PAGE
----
My friends gossip about me
“Some of the main reasons why people talk badly about even their friends include a lack of satisfaction with their own life or a feeling of low self-worth that they are trying to compensate for,” says Petra Schornböck. “Girls are affected in particular because they often learn to prefer the approach of avoiding conflict. If they feel threatened or are exposed to an unwanted situation, they initially only talk about the issue behind others’ backs,” explains the counselor.
Boys, however, are said to be more direct in those situations and settle conflicts mostly openly. This can be very unpleasant for those who are – sometimes surprisingly – the targets of gossip. “School children or young girls in particular quickly become overwhelmed in situations like that,” says Schornböck. “It can be difficult for them to talk to their friends about it directly, although discussing would be ideal.” The first step is to find out the extent of the gossiping so you can act accordingly. It’s important to distinguish “gossiping” from “bullying”.
The first is more coincidental, while with bullying a victim is intentionally targeted and harassed more than once. If just one person is involved, a simple discussion can bring light to the darkness. It is possible, though, that everything will be denied. This is very common and can lead to a massive breakdown in trust. You need to be clear about whether those people are really your friends, but lots of things are also said in the heat of the moment or under pressure from the group and are mostly not even meant or intended that way.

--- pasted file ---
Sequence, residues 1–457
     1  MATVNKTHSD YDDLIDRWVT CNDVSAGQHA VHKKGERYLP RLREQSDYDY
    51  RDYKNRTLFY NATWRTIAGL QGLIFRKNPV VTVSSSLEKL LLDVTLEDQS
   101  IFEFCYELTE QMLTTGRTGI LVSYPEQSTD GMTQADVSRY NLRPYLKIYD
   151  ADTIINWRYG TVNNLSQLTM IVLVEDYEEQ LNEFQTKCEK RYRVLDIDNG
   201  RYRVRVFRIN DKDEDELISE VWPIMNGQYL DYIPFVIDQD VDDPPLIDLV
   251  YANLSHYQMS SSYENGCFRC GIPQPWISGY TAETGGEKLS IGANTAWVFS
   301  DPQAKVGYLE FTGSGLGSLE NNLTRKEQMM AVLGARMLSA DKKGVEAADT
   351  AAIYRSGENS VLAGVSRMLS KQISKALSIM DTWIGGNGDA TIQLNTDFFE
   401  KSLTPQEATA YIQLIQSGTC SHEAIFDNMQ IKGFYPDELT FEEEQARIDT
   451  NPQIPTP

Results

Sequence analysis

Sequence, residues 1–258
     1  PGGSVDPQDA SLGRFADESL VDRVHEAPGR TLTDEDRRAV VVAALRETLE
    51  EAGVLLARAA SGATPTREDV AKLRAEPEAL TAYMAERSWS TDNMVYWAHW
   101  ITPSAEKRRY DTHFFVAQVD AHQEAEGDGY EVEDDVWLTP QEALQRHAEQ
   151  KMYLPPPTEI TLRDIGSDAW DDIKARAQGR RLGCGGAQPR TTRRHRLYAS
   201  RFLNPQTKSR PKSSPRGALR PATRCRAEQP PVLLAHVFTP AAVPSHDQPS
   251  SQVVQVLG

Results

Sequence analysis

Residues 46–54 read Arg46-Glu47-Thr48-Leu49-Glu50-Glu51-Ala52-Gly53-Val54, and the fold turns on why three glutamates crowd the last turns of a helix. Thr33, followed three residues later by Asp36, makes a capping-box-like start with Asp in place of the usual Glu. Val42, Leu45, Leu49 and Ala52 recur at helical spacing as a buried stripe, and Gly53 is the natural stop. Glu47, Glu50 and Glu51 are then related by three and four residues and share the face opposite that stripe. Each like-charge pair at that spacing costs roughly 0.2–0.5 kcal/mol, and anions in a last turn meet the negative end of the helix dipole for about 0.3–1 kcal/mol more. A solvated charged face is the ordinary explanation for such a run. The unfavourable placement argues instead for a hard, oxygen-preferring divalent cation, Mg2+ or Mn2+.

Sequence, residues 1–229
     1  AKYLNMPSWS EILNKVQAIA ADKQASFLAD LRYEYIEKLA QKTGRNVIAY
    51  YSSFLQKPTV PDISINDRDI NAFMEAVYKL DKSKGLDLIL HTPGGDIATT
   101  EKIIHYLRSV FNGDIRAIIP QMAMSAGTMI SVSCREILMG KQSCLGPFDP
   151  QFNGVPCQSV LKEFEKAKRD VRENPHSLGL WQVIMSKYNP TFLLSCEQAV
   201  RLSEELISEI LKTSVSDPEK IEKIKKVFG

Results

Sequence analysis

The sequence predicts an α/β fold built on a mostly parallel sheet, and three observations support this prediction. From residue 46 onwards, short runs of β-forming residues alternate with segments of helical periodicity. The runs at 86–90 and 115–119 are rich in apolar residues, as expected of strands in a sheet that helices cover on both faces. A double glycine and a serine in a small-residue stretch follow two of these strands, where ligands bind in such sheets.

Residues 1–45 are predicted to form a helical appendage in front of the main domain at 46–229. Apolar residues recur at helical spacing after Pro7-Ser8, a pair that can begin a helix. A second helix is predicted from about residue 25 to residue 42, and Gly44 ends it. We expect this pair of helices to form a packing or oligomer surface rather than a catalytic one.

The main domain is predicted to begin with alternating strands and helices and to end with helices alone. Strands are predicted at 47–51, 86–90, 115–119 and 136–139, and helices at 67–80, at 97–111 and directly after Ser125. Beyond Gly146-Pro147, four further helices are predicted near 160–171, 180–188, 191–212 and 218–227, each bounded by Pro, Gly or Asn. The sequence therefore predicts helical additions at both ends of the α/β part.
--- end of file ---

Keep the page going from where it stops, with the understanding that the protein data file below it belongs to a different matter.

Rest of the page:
Many conflicts cannot be resolved by discussing the matter head on. If several friends are involved, it is easy to become overwhelmed, particularly as a schoolchild. Someone you trust, a teacher or a school psychologist may be able to help. The most effective thing to do is to talk to children about topics such as “arguing, gossiping and bullying” on a regular basis, to explain terms and to set out strategies to help those who are affected. This can be done in school, but parents can and should talk to children about conflicts too. In any case, disputes and “feelings of being left out” should not be played down or disparaged under any circumstances. If a class discussion doesn’t work, the “sprungbrett” Counseling Center also offers group workshops in which these dynamics can be dispelled. A counseling session is also available with sprungbrett.
Children have a harder time processing incidents of this type than adults. Since young people have to discover their own identities during puberty, any damage to their sense of self is particularly difficult. The consequences are a decrease in self-worth, loss of trust, depression through to suicidal thoughts. It always helps to reflect on what has happened with teachers, parents, friends and therapists. If you or your child are dealing with this or a similar situation, the numerous family counseling centers in Austria would be happy to help.
Our interview partner
Petra Schornböck, clinical and health psychologist, counselor at the sprungbrett Counseling Center in Vienna.
The interview was conducted in March 2017 and revised in April 2022.